The Constitution (124th Amendment) Bill that seeks to provide 10 per cent reservation in jobs and education for the general category poor, brought in a sudden, surprise move – without any consultation or, seemingly, any forethought – by Narendra Modi government at the end of Parliament’s winter session, may face little opposition from other parties, for reasons of political expediency.
That, however, does not mean it is not problematic. The move may be projected as ‘smart’, but that does not mean it is ‘wise’.
The Bill introduced in Lok Sabha yesterday (Tuesday, Jan 8) was passed the same day with 323 members voting in favour and only three against.
The Bill was tabled in Rajya Sabha today and – despite the Congress-led Opposition being in a position to reject it and pressing for referring the legislation to a Select Committee – is likely to be passed ultimately. After all, no political party would like to be seen as being against a step purportedly for social justice.
The opposition, including the Congress, have dubbed the proposed law as a political gimmick that may not stand judicial scrutiny but came around to support it during voting, underlining the huge political import of the measure aimed at placating upper castes.
The bill seeks to amend Article 15 and 16 of the Constitution to enable reservation for the “economically weaker” sections in the general category, which had so far been kept out of the quota ambit. The government says the amendment to the Constitution will ensure that the courts do not strike it down.
Replying to an over four and half hour debate, Social Justice Minister Thaavarchand Gehlot sought to allay doubts raised by several opposition members about the legislation’s fate if challenged in the Supreme Court, saying he can say with confidence that the apex court will accept it.
“Your doubts are unfounded. Put them to rest,” he told opposition members, many of whom dubbed the bill as “jumla” and “gimmick”, questioned its legal standing and accused the government of bringing it in haste with an eye on the Lok Sabha polls.
Finance Minister Arun Jaitley, who is fielded by Modi government to tackle tricky and legal questions, came up with the curious argument that the bar of 50 per cent put by the apex court on total reservation is for caste-based quota, while the bill seeks it provide it for the economically weaker sections in the general category.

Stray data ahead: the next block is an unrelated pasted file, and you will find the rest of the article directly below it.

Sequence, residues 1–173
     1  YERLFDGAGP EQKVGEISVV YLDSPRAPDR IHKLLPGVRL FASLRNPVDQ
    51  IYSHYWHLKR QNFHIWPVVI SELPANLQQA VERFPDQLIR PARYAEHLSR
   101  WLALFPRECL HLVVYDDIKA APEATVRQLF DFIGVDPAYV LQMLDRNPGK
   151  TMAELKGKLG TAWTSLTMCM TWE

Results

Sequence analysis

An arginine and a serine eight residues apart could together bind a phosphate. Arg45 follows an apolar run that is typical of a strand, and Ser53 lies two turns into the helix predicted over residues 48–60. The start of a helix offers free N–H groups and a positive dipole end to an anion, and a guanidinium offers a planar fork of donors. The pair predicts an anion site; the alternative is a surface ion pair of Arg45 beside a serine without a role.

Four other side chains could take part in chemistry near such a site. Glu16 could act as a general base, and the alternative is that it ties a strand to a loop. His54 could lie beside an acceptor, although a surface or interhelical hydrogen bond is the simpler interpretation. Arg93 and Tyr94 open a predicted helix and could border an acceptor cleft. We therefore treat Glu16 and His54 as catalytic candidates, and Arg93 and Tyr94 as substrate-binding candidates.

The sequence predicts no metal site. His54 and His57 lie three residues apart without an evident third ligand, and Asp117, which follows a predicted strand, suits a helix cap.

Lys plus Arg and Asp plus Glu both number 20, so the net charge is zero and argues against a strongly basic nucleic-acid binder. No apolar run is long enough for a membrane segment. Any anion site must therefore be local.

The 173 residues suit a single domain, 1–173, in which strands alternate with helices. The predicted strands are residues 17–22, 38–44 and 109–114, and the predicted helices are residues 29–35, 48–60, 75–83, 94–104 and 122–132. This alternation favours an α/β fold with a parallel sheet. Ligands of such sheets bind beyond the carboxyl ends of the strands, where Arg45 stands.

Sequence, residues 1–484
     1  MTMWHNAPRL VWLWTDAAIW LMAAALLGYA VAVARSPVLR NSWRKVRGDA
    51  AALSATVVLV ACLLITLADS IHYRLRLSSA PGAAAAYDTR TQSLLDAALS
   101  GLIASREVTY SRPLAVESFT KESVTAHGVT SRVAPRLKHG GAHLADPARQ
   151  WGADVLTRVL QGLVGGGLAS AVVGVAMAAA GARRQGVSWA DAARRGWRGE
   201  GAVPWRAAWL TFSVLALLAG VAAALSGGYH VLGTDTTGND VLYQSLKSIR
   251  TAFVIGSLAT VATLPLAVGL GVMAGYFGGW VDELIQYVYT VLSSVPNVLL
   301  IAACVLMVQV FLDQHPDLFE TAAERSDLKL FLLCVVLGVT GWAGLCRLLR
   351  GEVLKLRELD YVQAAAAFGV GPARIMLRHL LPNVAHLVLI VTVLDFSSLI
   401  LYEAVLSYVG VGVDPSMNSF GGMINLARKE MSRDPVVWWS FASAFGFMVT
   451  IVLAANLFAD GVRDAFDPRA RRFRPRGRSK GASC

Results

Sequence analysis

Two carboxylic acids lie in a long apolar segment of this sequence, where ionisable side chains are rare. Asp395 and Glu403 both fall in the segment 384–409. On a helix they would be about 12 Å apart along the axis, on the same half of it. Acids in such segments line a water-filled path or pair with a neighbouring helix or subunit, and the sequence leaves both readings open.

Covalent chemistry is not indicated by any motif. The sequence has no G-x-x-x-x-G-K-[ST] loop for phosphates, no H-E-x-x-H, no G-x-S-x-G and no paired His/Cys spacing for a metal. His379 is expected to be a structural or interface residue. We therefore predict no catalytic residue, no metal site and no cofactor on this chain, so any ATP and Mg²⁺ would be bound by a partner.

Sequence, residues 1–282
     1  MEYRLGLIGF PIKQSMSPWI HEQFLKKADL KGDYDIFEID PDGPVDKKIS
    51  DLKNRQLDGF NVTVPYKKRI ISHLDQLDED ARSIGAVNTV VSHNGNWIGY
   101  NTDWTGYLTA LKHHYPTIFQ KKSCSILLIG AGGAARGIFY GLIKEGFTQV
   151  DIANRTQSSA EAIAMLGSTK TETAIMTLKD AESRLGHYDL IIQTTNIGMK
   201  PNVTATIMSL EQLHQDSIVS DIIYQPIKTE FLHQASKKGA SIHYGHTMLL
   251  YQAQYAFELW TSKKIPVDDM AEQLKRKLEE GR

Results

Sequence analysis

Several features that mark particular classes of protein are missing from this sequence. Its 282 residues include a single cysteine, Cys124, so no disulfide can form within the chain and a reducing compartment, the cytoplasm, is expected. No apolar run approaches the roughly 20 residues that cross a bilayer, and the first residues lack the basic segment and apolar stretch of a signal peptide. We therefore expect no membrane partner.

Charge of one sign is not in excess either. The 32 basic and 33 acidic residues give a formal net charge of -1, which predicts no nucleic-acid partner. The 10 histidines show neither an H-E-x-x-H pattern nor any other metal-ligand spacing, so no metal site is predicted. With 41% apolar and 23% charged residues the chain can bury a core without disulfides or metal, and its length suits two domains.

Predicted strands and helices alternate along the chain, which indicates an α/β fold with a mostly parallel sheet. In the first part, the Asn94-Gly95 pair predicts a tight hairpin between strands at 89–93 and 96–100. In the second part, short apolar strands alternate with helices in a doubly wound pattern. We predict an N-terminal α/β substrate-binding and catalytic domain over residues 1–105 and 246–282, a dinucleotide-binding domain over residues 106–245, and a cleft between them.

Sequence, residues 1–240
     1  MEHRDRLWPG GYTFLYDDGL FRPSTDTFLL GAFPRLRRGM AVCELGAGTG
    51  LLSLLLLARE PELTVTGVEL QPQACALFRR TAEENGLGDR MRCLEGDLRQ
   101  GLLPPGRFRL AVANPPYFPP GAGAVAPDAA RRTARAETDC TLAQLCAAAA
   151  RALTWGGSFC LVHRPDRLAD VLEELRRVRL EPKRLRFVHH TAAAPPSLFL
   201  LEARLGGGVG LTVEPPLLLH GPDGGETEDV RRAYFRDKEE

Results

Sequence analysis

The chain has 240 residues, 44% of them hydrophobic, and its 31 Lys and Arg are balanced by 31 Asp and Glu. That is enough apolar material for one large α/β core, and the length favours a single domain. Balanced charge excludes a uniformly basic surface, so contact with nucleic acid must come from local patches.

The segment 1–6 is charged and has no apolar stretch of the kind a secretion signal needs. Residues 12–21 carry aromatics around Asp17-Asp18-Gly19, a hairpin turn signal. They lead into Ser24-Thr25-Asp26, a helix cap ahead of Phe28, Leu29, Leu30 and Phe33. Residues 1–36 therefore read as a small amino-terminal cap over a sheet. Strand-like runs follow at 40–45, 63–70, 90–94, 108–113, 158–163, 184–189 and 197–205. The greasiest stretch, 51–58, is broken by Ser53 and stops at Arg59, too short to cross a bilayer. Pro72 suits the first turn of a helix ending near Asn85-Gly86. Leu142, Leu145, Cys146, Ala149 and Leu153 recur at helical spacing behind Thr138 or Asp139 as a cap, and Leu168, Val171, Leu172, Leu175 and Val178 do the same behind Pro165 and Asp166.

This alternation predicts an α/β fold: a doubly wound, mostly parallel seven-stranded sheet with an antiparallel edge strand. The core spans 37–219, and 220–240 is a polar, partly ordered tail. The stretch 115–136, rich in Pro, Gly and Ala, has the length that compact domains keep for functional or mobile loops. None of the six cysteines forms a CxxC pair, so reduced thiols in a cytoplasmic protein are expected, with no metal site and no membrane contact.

After the Bill was passed by Lok Sabha, Prime Minister Narendra Modi described it as a “landmark moment in nation’s history which sets into motion the process to achieve an effective measure that ensures justice for all sections of society”.
To put it in perspective, the proposal to give 10 per cent reservation to the economically backward classes, like several other schemes of the Modi government, is neither novel nor innovative. The Congress government under PV Narasimha Rao did provide for similar reservation, but a nine-judge bench in Indra Sawhney (1992) struck it down. There have been similar efforts in states as well — Kerala under the left government (2008) in admissions to a few courses, the Congress government in Rajasthan (2008) and the BJP regime in Gujarat (2016). Even Mayawati has been in favour of such a reservation and welcomed the government’s move.
For Modi government, the legislation seeks to signal to the forward castes that their interests are being looked at amid demands by various restive groups like Jats, Marathas, Gujjars and Patels for quota benefits.
The Modi government faced upper caste backlash when, following protests by Dalits, it brought legislation in last monsoon session to nullify Supreme Court order to check apprehensions of misuse of SC/ST Prevention of Atrocities Act.
The upper caste communities, in turn, voiced their protest over Government’s alacrity in addressing the concerns of Dalit communities of the issue. Senior BJP leaders felt that the BJP faced hostile Upper Castes in the recently concluded assembly elections in Madhya Pradesh, Rajasthan and Chhattisgarh.